Painted Cave Road,
Santa Barbara, California
(Off Highway 154)
Well I stopped by Painted Cave on Thursday 2/19/04 around dusk (a little too dark to adequately check it out). Apparently, Painted Cave is a small cave that the Chumash Indians painted up way back in the 1600's. It's located on Painted Cave Road off of Highway 154. The road up to it is extremely windy and narrows significantly on the way up. Despite the several hairpin turns, the view on the way up is magnificent. Beyond the Painted Cave, the road becomes even narrower and more treacherous.
According to scientists, the drawings within the cave represent a solar eclipse that happened back on November 24, 1677. Supposedly, the black disk is the sun and the two red disks below the black disk are Mars and Antares. Scientists believe that these drawings would have been what the painter would have seen at the time of the eclipse. The Cave was discovered in the 1870s and the iron gate in the entrance was placed in 1908 to protect the drawings from graffiti artists. I stopped by again on 7/22/04 when it was not dusk to get better pictures.
It is believed that the drawings were probably made for religious reasons by a shaman or Chumash priest. Tiny pigment samples were taken from the black disk. These samples were analyzed and dated and the results agree with theories about the solar eclipse. However, some of the figures in the cave were probably painted before and after that date.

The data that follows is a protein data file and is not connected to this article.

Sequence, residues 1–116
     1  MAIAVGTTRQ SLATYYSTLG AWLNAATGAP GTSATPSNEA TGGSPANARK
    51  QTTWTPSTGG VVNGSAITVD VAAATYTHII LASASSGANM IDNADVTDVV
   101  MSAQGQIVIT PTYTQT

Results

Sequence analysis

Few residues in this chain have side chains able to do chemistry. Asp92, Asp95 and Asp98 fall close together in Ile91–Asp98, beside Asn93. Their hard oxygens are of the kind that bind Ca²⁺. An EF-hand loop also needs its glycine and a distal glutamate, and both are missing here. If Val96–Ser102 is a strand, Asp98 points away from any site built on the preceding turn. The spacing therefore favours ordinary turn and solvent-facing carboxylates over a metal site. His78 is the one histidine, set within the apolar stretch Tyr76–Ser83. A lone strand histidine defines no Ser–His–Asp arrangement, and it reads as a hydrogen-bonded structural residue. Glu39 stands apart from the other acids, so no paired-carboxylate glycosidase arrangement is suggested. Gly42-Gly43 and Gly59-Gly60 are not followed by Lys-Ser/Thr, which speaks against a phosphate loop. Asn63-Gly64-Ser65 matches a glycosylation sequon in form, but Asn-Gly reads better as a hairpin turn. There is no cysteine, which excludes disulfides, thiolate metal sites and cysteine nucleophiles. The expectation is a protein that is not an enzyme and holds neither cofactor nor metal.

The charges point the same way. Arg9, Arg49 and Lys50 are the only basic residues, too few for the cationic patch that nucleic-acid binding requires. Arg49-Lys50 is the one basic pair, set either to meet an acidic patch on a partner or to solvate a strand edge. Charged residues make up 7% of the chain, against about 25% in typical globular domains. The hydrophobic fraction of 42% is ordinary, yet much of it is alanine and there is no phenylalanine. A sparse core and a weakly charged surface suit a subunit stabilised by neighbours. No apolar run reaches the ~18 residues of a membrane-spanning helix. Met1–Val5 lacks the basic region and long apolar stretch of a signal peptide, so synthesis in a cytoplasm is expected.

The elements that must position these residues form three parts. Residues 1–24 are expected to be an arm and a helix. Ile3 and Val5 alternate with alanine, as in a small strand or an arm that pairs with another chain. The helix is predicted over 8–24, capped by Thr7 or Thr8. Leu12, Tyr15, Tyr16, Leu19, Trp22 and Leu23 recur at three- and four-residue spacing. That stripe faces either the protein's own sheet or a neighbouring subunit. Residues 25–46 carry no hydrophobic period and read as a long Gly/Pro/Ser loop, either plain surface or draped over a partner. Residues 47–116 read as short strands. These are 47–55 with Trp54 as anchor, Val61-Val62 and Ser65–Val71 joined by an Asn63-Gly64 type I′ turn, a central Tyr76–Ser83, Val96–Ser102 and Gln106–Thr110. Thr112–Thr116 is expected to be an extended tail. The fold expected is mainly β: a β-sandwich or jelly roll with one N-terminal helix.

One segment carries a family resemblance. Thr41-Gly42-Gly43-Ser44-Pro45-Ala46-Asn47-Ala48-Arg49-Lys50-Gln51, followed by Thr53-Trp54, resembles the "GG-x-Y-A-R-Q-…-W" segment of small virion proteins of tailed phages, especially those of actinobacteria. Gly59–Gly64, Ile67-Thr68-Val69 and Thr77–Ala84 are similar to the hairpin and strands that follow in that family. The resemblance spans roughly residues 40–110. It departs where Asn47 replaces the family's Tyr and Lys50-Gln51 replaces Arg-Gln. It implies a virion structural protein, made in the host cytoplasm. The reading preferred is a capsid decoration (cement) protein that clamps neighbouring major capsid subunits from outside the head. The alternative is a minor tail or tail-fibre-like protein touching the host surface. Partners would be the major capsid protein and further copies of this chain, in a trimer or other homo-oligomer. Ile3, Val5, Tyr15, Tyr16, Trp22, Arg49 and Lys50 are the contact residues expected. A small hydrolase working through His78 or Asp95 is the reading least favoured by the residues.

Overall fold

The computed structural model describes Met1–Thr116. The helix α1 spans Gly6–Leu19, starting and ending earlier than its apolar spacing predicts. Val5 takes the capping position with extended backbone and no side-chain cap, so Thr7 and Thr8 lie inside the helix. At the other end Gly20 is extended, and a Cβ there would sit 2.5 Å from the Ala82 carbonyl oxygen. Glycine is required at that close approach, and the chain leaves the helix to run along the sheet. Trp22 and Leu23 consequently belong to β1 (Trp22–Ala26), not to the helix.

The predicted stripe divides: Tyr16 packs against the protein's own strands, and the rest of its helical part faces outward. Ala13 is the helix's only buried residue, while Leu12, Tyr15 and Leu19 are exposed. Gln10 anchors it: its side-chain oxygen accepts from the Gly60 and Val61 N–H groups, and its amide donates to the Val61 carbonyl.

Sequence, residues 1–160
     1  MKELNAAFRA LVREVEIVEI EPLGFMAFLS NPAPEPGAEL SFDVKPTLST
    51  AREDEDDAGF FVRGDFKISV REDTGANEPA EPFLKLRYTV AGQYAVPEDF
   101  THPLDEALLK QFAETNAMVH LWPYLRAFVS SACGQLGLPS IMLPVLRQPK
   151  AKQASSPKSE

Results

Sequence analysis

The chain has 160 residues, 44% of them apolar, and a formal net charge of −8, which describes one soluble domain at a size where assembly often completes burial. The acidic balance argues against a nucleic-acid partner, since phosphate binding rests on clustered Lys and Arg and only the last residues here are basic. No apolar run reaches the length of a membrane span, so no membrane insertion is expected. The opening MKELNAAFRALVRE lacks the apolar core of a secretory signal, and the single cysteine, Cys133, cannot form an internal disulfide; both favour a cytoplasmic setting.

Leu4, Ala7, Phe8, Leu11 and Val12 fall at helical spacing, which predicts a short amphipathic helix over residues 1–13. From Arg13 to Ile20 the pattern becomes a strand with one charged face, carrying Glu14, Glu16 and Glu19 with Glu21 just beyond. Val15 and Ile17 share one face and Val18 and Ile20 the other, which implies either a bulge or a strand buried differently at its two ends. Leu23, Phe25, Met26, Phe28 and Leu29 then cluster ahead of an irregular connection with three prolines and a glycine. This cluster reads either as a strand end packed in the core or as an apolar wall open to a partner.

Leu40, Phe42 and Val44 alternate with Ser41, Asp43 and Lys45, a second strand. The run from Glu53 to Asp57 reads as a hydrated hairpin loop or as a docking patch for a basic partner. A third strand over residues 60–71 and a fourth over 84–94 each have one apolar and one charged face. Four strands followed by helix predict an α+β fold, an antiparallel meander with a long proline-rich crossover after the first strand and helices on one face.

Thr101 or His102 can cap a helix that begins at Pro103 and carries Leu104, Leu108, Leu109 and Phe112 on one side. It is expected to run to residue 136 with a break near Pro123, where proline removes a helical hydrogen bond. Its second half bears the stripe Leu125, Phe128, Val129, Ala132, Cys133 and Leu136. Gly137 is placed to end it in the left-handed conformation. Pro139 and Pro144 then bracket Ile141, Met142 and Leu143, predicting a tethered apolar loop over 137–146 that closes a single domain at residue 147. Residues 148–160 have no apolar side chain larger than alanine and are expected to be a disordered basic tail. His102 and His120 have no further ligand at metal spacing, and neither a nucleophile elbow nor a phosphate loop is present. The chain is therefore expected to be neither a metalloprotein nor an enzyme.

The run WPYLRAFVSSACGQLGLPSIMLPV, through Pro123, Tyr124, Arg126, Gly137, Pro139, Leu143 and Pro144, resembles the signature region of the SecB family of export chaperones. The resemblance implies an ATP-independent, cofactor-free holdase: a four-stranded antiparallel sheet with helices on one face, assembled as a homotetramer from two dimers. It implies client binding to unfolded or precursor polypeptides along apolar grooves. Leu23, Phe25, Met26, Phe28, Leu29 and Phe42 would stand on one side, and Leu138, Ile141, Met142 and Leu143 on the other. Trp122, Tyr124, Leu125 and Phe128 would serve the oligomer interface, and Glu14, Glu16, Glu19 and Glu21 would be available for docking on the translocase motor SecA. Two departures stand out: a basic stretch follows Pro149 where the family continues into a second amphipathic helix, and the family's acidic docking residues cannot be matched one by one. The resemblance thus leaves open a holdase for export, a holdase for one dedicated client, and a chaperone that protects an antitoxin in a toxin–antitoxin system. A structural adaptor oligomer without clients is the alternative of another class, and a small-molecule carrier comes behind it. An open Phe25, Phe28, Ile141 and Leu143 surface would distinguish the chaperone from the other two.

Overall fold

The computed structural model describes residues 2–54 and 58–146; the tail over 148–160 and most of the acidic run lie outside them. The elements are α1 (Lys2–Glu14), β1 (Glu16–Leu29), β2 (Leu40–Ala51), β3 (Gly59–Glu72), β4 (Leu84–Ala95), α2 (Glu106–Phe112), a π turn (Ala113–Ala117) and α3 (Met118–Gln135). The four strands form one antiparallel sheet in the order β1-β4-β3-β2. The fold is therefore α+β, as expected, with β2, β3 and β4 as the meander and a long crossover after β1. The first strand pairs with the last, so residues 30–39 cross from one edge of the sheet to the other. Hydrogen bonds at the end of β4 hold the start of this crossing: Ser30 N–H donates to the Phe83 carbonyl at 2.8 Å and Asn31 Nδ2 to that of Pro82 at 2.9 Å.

The paints involved in the petroglyphs include black, red, and white. Black came from either manganese oxide or charcoal. The red was made from hematite or red ochre. White came from gypsum or diatomaceous earth.
And of course, local legend has attached tales of ghosts to the cave. In addition to orbs, ghostly flute music, and ghostly voices recorded on tape, there is also a link to the cave being used as a hiding place for a Native American rebel who led a guerrilla war against Spanish Missionaries before being captured and executed.
- Jarrod of Ventura, CA on 2011-02-07 said:
- I've been inside the painted cave during a college archeological field trip. There isn't much that you can't see from outside....
One FYI I will note is that the correct name of cave art is "pictographs", this name is used because not all cave drawings are "art" but rather compasses, maps and directions (you'll notice the 4 points on many of the drawings). In this case the pictographs are depicting the eclipse as stated.
- Atlas of the Mysterious in North America (1995) by Guiley, Rosemary, p: 77
- Mysterious California (1988) by Marinacci, Mike, p: 79
- Ghosts of the California Missions (2011) by Senate, Richard, p: 50 - 51
Last Edited: 2012-07-11